These experiments are part of a larger study designed to investigate the influence of husbandry parameters on the life history of the apple snail, Marisa cornuarietis. The overall objective of the program is to identify suitable husbandry conditions for maintaining multi-generation populations of this species in the laboratory for use in ecotoxicological testing. In this article, we focus on the effects of photoperiod, temperature, and population density on adult fecundity and juvenile growth. Increasing photoperiod from 12 to 16 h of light per day had no effect on adult fecundity or egg hatching and relatively minor effects on juvenile growth and development. Rearing snails at temperatures between 22 degrees C and 28 degrees C did not influence the rates of egg production or egg clutch size. However, the rates of growth and development (of eggs and juveniles) increased with increasing temperature in this range, and when temperatures were reduced to 22 degrees C egg-hatching success was impaired. Juvenile growth and development were more sensitive to rearing density than adult fecundity traits. On the basis of the present results, we conclude that rearing individuals of M. cornuarietis at a temperature of 25 degrees C, a photoperiod of 12L:12D, and a density of <0.8 snails L(-1) (with lower densities for juvenile snails) should provide favorable husbandry conditions for maintaining multi-generation populations of this species.
The present experiments are part of a larger study designed to investigate the influence of husbandry parameters on the life history of the ramshorn snail, Marisa cornuarietis, in order to identify suitable husbandry conditions for maintaining multi-generation populations in the laboratory for use in ecotoxicological testing. In this paper we focus on the effects of a combination of food types and feeding frequencies (i.e., the frequency with which the snails were offered food) on juvenile growth and survival at different temperatures. Offspring produced in the laboratory by wild specimens of M. cornuarietis, from Puerto Rico, were used to test the effects of three types of food (lettuce, alginate with fish food, alginate with snail mix) fed at three frequencies (given ad libitum on 4/4, 2/4, or 1/4 d) on juvenile survival and growth. The 4-d feeding regimens were repeated four times, giving a total of 16 d for the experiments. The experiments were conducted at two temperatures (22° and 25°C) under a 12 h light:12 h dark photoperiod. Juvenile growth rates increased with increasing feeding frequency for all food types. The most rapid growth rates occurred in the high-frequency lettuce treatments and the slowest growth rates in the low-frequency lettuce and alginate with snail mix treatments. Juvenile snails grew faster at 25° than at 22°C, and mortality was about twice as high at the lower temperature. Growth rates were used to provide a rough estimate of time to maturity, which was determined to take about twice as long at 22° than at 25°C. The results showed that lettuce is the best food if supplied in abundance, but effects on growth are very dependent on feeding frequency and temperature. We conclude that 25°C is a more appropriate temperature for maintaining populations than 22°C, that lettuce provides a suitable food source, and that food should be supplied continuously for husbandry and toxicity testing of populations of M. cornuarietis.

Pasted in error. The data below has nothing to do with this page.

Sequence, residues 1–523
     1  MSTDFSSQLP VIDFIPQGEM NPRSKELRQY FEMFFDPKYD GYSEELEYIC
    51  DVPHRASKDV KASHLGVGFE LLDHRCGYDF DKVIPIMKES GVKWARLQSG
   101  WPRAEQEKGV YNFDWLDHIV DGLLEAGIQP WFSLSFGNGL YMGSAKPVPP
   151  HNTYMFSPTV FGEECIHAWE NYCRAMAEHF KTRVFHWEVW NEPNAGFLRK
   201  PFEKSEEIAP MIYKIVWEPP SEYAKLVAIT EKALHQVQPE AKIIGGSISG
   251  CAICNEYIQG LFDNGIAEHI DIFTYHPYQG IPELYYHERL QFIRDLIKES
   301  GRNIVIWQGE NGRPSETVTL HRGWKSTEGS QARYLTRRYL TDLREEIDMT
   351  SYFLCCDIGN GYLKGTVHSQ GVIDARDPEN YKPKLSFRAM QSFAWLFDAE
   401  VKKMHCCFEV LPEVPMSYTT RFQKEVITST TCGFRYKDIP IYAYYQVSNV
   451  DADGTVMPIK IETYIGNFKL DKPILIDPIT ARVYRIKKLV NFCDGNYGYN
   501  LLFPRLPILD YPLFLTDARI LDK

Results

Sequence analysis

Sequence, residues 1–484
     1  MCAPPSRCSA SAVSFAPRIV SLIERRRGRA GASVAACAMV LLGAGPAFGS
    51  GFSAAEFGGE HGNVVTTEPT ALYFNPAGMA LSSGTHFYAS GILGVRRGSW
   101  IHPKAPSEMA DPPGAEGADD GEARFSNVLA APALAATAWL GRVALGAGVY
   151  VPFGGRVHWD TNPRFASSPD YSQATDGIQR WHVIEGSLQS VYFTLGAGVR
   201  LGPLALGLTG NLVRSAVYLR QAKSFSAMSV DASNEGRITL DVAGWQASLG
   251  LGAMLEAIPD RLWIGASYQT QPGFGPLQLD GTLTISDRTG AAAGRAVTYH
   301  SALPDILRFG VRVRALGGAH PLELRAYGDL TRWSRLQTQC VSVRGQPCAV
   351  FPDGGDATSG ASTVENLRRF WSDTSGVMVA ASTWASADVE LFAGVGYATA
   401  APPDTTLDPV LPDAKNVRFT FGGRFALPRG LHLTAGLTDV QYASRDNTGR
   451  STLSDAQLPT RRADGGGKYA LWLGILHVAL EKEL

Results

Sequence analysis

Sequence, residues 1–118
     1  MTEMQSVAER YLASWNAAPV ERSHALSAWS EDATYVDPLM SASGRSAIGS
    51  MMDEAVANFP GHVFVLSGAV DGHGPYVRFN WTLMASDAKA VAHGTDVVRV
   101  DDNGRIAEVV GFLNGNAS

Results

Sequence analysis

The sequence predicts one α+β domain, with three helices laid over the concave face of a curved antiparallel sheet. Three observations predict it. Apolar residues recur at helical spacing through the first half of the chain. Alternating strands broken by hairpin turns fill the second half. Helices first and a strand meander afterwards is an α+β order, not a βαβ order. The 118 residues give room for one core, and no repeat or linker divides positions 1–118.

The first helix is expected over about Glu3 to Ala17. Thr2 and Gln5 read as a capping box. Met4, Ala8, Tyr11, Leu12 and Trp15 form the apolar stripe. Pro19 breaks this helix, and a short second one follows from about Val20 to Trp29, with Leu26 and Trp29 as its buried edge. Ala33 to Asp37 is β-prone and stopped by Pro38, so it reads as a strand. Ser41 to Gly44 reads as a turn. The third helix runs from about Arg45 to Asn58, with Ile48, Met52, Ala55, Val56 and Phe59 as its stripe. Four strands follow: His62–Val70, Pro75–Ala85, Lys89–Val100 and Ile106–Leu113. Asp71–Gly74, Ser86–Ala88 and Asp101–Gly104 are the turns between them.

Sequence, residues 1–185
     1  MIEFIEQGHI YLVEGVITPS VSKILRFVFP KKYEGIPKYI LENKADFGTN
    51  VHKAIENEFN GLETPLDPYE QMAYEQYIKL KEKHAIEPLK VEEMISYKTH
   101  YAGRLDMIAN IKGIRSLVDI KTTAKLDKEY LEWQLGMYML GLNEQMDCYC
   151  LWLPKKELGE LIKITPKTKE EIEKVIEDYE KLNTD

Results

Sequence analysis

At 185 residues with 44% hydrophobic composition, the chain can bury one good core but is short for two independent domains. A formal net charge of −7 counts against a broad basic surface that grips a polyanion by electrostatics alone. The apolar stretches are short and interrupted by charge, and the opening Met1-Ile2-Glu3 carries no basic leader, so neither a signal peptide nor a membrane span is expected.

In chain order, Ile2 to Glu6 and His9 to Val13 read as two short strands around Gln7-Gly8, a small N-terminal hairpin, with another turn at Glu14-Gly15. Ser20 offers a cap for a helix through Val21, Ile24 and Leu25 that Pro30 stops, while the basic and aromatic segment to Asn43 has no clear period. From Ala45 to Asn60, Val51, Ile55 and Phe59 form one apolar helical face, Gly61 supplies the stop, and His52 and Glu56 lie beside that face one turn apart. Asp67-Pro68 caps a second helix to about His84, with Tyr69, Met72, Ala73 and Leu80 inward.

Sipunculans are a phylum of non-segmented, marine worms. Although they are well characterized morphologically, relationships within the phylum and the relationship of Sipuncula to other spiralian phyla have been strongly debated. I analyzed representatives of 13 of 17 described genera using a 654-bp fragment of the mitochondrial gene, cytochrome c oxidase subunit I, to construct the first intraphylum phylogenetic hypothesis for sipunculans based on molecular sequence data. Within the phylum, tree topologies are loosely congruent with a previously published morphological analysis, except that the monotypic genus Phascolopsis occurred within the Golfingiaformes as a sister group to, or nested within, the Themistidae. Phylogenetic analyses, including 30 sequences from additional invertebrate taxa, suggest that sipunculans are most closely related to the Annelida (including Echiura). A previously proposed sipunculan-molluscan relationship is not supported. While not universally accepted, this hypothesis is consistent with other recent and past data on phylum-level relationships.
We have constructed molecular phylogenetic trees for members of the Sphaeriidae in order to test proposed generic level relationships, and to reconstruct the evolutionary pattern of parental care, in this exclusively freshwater family of heterodont bivalves. An ∼480 nucleotide fragment of the mitochondrial large ribosomal subunit (16s rDNA) was sequenced for 4 corbiculid outgroups in addition to 19 sphaeriid ingroup taxa. Ingroup species were obtained from North and South America, Europe, and Australasia and included representatives of the main sphaeriid genera. Our analyses support four primary conclusions: 1) the Sphaeriinae are robustly monophyletic with respect to Eupera platensis; 2) the genus Pisidium is paraphyletic and P. sterkianum is sister to the 17 other sphaeriine taxa in our dataset; 3) synchronous brooding is the ancestral reproductive pattern in the Sphaeriinae; 4) the sequential brooders form a clade in which Musculium taxa are monophyletic and nested among lineages of Sphueriunz. Our gene trees reveal an evolutionary progression in parental care complexity from the relatively simple pattern in the Euperinae, to the origin of brood sacs and of extraoogonial embryonic nutrition in the common ancestor of the Sphaeriinae, and ultimately to the development of sequential brooding in Sphaerium/Musculium taxa.